LOUDON, N.H. -- Each of the 12 drivers represented in the Chase was asked by NASCAR to do a diary of sorts with a reporter during the season's final 10 weeks. Kasey Kahne's camp chose me. So, I'll do my best to keep you folks abreast of what Kahne is up to as he vies for the title.
Sooooo … it's the afternoon before NASCAR's playoff gets under way. What's Kahne up to?
Well, he's busy. Kind of. He's sitting at a table in his motor home, eating cucumbers doused in Italian dressing, rapping with some buddies as the trio watches and rewatches NHRA legend John Force's recent Dr. Phil session with "SportsCenter" anchor Jay Harris.
It is hysterical. (After you read this, look it up on YouTube. It's awesome.)
Force, in discussing his tiff last week with fellow Funny Car driver Tony Pedregon, went off on random tangents about recent public meltdowns by tennis champ Serena Williams, South Carolina Congressman Joe Wilson and "some rock star," i.e. Kanye West.
He seems quite troubled by it all, and even more troubled that his wife informed him that that's how he looked on television last weekend during his own personal meltdown.
And as amusing as the interview is, Kahne's impersonation of Force is quite a bit funnier. It sounds not a thing like ol' man Force's wired-like-Fire-Marshall-Bill diatribe, which makes it even more classic.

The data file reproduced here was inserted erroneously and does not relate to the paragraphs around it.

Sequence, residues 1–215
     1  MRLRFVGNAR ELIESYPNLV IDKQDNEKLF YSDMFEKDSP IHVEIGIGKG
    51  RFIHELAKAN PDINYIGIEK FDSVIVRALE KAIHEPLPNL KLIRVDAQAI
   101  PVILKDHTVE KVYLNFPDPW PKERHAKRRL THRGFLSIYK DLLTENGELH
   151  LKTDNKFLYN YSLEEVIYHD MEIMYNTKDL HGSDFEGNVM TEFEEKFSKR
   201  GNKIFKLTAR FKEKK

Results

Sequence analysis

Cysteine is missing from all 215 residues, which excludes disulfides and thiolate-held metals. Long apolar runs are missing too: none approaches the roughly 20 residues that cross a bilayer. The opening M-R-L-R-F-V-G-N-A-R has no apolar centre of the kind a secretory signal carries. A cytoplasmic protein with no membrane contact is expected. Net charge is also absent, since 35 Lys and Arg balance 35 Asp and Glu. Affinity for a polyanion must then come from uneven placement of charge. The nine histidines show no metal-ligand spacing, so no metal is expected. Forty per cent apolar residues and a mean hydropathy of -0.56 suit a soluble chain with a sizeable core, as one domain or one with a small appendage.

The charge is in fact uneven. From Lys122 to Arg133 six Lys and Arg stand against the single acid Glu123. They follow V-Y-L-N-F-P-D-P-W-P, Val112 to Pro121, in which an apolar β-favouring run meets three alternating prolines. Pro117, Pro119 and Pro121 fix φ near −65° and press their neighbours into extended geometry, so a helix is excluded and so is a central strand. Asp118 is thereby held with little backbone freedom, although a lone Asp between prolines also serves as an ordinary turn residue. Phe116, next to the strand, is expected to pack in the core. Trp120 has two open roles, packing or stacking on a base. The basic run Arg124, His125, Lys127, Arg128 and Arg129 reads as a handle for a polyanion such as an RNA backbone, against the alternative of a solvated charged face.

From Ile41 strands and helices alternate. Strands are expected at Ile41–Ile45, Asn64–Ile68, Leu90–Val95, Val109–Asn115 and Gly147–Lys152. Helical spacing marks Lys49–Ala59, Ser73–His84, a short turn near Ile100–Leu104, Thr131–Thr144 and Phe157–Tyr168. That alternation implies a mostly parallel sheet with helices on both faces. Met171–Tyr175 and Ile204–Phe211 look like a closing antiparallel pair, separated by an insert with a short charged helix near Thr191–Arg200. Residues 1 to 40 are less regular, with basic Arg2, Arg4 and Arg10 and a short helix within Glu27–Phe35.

(Ever seen "Young Guns II"? When that reporter guy runs down an aging, downtrodden Billy The Kid and gets the scoop? That's what Kahne sounds like.)
"You still there, Jay?" Kahne mimics in Force-like, scratchy, three-packs-a-day-type gravel. "I ain't mad atcha, Jay. I just want it to all go away, Jay. You still there, Jay?"
Kahne is funnier than you think. His easy demeanor is deceiving.
Moments later his crew chief, "Easy" Kenny Francis, strolls into the motor home. They talk shop for a bit about swaybars and such. Then Easy pulls out the cell phone, dials up a number and hands the phone to Kahne.
"Her name is Meredith. It's her birthday," Francis tells his driver.
"Meredith? Hi. It's Kasey Kahne. Happy birthday."
Meredith is the niece of the guy who gave Francis his break in racing back in Jacksonville, and she loves Kahne. He just made her year. They small-talk a bit and he grins real big. He likes that kind of stuff, it seems.
Once Francis departs, the conversation rarely swings to racing. When it does, Kahne seems confident.
Today is about college football. He checks scores on ESPN.com like Rece Davis after a couple too many lattes. He knows his pigskin, folks, and he can't wait to get home to see the Seattle Seahawks during the offseason.
Later in the evening his Washington Huskies prevail over Southern Cal.
He would certainly be considered a dark horse to win the Chase.
But I guess his Huskies were a dark horse against the mighty Trojans, too. Right?
Marty Smith is a contributor to ESPN's NASCAR coverage. He can be reached at ESPNsider@aol.com.